In Australia, Church cantors minister to thousands of congregations, enriching worship with the music of many Church traditions. They work within many different church structures, and their work may be supervised, or not. No inter church agreements on the work of Christian musicians exist, although corporate church music conferences often claim dominant governance roles. Church denominations treasure their particular Church music tradition, which always contains and communicates their doctrinal position within the wide spectrum of Christian belief.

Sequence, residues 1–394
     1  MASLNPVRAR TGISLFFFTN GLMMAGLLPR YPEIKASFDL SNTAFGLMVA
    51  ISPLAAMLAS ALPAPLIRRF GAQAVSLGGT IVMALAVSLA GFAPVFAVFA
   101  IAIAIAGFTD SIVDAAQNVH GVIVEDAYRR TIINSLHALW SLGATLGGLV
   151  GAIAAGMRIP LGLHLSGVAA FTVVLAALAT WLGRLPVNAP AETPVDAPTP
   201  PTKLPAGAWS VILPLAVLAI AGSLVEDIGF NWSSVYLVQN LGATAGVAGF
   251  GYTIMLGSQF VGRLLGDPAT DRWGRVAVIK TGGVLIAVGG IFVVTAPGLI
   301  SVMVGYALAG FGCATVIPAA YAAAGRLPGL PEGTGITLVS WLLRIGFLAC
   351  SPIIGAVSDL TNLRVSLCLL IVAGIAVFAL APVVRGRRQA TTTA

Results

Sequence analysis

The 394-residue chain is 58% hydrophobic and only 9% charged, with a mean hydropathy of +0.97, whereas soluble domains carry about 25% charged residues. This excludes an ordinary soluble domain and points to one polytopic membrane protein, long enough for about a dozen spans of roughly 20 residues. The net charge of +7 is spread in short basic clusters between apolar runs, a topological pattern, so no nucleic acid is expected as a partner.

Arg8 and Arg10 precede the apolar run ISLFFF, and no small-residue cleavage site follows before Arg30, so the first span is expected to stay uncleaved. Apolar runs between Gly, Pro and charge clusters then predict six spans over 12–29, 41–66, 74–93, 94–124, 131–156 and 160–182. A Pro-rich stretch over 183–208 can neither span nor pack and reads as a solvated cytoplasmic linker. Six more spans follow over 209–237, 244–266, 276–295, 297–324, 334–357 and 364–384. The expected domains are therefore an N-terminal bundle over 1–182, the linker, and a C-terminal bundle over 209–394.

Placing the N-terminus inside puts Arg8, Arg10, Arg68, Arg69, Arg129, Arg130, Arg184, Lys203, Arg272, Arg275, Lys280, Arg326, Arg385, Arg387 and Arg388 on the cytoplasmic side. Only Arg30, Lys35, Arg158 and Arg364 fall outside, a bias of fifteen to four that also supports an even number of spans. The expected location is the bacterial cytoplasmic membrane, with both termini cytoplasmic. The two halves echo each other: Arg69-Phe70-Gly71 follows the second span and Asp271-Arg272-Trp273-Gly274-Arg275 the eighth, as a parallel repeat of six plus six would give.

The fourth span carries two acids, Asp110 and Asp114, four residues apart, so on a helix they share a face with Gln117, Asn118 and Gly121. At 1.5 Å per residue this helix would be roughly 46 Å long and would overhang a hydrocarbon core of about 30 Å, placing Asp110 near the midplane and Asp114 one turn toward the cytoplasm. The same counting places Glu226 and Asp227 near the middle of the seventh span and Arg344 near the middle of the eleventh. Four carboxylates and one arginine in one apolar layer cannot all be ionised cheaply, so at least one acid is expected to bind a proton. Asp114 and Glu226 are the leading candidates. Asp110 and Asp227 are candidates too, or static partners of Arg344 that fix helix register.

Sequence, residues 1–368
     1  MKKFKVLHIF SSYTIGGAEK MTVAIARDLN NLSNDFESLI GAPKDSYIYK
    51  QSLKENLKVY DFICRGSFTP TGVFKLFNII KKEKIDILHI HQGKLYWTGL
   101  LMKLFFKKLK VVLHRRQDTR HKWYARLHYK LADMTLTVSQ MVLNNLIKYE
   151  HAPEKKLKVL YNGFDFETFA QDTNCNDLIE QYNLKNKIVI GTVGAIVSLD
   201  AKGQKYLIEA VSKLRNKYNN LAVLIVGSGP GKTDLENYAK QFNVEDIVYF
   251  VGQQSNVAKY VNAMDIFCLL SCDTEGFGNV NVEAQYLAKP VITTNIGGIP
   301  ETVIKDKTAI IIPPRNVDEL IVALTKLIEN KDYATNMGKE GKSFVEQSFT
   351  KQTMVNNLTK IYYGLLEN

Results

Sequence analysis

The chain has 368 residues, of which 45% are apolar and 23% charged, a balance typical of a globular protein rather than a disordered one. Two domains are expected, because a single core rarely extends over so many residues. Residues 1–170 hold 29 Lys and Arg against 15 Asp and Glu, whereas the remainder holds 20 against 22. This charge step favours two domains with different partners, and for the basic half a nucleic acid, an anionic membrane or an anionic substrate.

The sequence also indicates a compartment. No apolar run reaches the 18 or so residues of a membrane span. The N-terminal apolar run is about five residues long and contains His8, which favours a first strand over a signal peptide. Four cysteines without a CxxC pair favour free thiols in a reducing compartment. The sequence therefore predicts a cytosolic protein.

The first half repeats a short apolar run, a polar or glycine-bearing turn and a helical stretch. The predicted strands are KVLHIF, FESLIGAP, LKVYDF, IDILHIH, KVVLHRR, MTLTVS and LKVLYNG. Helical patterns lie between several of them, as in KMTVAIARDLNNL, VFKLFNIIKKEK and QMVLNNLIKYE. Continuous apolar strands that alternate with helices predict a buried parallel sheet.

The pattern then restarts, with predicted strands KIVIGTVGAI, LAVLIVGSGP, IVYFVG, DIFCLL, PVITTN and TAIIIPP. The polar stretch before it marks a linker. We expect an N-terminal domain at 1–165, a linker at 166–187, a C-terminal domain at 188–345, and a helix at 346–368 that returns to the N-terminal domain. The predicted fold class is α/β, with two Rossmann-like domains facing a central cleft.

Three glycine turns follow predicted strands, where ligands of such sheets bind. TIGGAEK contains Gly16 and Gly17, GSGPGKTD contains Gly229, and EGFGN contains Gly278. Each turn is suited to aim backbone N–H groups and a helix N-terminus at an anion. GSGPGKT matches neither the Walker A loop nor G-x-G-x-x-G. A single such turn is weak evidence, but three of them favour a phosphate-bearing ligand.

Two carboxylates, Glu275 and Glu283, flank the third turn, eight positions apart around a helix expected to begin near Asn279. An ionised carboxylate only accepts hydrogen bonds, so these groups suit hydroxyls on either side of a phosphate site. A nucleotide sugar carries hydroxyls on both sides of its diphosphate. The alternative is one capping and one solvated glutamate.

Yet despite being consigned to what is effectively a management limbo, where individual competition is not only promoted, but mandatory, Christian cantors are surviving. Their ministry survival strategies are varied. Some cantors have chosen to enlist with Church music corporations, and so are paid by parishes affiliated to these church music licensing corporations. Some work as part-time casual employees, and some choose to work as unpaid parish or emerging church volunteers. But more and more trained, experienced Church cantors are choosing to establish independent online cantor ministries, presenting church music workshops, singing for selected liturgies, composing church music, recording their compositions, and speaking at Church music conferences. Whatever survival strategy these Christian religious singers adopt, they are still serving the Church as cantors dedicated to Church music ministry.